Posted at 3:42 PM Jan 22, 2009By Andrea Grimes
My room was pitch black. Must have been about 4 a.m. With a kitty nestled at my feet, I slept fitfully in one of Dallas' neighborhoods of lesser repute, the kind of place where gunshots were part of the weekend ambiance. (To be fair, this describes much of Dallas.) But the balcony had a beautiful view of downtown, and the kitchen was spacious. With a roommate, I could just barely afford it on my reporter's salary.
Suddenly, my bedroom door flew open. A tall, shadowy figure stood in the doorway, menacing. I didn't wait to reach for my glasses before I started screaming at the top of my lungs, seriously considering throwing Whiskey at the intruder, since he hadn't been de-clawed. The figure didn't move. Fifteen, twenty seconds passed. The intruder just standing there, me screaming. And then, finally: "Shut the fuck up! If you turn the a/c up again, I'M GOING TO KILL YOU FOR REAL." It was my wonderful roommate. I would survive, at least until the next time I touched the thermostat.
Roommating really isn't anyone's forté. Sure, you hear the odd urban legend about two BFF's who've managed to get along and agree on room temperature and an appropriate level of cleanliness. And then there's, well, everyone else on the planet. Except for two ladies profiled by the New York Times today.
Roselyn Leibowitz and Catherine Redmond are 54 and 65 and share what is verily a badass loft in midtown Manhattan:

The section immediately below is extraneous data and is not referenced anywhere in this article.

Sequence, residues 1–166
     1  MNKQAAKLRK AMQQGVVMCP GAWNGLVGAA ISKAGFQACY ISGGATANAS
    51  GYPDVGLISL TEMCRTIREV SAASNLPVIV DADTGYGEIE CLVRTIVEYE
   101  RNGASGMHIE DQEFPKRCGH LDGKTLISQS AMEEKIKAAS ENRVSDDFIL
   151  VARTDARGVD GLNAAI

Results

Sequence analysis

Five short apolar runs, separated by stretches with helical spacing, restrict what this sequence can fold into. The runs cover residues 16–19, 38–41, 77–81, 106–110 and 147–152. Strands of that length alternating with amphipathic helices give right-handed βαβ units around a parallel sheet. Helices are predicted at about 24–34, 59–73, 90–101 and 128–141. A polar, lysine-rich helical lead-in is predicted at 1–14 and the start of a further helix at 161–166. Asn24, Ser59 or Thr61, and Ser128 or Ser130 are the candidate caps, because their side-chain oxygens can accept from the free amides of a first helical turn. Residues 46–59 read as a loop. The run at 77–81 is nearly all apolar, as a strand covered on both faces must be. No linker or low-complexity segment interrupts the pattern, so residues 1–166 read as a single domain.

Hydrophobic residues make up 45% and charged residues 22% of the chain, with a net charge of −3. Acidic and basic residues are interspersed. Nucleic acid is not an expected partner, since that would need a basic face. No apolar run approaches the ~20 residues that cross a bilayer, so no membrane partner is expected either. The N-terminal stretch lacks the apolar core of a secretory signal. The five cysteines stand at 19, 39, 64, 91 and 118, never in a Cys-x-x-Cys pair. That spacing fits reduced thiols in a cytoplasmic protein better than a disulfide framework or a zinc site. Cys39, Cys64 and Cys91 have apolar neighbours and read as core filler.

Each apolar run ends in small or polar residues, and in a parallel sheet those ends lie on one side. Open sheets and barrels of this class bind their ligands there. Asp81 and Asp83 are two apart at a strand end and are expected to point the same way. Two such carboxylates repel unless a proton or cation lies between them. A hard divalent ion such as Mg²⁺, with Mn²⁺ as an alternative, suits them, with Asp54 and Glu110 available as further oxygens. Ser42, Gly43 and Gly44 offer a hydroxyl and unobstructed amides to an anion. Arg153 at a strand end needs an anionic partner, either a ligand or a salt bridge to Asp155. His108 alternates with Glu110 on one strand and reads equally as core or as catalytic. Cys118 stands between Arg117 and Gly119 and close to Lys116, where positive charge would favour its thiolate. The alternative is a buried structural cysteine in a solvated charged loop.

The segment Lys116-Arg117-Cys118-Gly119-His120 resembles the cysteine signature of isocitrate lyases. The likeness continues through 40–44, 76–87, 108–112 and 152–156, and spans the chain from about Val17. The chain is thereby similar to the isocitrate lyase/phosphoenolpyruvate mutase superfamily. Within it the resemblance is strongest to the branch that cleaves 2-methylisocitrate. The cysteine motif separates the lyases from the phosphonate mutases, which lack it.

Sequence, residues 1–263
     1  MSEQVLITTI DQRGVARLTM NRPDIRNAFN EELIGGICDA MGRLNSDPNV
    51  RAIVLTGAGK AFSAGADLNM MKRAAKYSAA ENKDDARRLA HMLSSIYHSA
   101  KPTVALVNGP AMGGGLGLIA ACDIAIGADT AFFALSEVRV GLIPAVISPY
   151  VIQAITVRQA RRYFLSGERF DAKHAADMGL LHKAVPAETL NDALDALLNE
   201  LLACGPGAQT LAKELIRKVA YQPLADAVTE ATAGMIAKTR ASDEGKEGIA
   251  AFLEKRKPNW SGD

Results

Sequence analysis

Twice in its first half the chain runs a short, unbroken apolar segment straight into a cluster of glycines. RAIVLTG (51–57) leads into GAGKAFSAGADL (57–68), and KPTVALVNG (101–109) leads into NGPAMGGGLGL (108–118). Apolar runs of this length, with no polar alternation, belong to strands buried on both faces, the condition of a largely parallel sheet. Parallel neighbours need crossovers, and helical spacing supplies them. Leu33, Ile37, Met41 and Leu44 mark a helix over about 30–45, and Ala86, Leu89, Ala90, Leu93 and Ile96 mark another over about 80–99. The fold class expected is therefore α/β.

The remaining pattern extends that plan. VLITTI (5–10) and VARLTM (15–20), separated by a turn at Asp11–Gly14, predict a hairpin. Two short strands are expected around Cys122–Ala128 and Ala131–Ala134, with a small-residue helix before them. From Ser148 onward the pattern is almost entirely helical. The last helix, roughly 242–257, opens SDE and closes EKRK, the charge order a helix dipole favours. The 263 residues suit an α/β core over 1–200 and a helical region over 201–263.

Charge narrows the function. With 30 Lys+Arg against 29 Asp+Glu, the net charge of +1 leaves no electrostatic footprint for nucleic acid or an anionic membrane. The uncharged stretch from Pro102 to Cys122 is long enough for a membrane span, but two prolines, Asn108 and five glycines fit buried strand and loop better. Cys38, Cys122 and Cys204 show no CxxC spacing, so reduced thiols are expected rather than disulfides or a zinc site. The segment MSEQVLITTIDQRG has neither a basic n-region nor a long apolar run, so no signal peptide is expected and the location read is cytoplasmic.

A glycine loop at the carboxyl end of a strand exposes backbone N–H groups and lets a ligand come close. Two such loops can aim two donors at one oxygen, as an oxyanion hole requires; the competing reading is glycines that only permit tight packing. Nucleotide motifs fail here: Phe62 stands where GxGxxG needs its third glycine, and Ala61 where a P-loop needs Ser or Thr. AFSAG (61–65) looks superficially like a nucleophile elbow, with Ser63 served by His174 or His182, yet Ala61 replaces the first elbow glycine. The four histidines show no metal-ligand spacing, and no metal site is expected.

"None of this would have been possible had we not been open and frank with each other," Ms. Redmond continued. "The question for me was, what can we be for each other and what can we not be. We had to be free." A large house with two separate wings or a brownstone with different apartments was the general idea. "And we had a rule -- never to lie to each other about anything," Ms. Leibowitz said. "If either of us felt uncomfortable with the place or anything about it we would not hide anything from each other."The process of cohabitation was probably not impeded by the fact that one of them had $3.1 million to drop on a loft that could be renovated into two separate studios. The other pays rent. And oh, terror: they've never written any of this down.
"Our financial arrangement is a casual relationship between trusting friends," Ms. Redmond said. "To be sure, I am a beneficiary of Roz's immense generosity, but our friendship, and more important, the soul that is Roz's kindness to me, has never impinged on my sense of freedom."Man, I hope it works out. Not only do I kind of love the idea of two middle-aged women rocking their singlehoods together, but I also kind of love the idea that friendship can survive this kind of financial arrangement. And also I hope that no one gets killed over a thermostat. It's no way to go.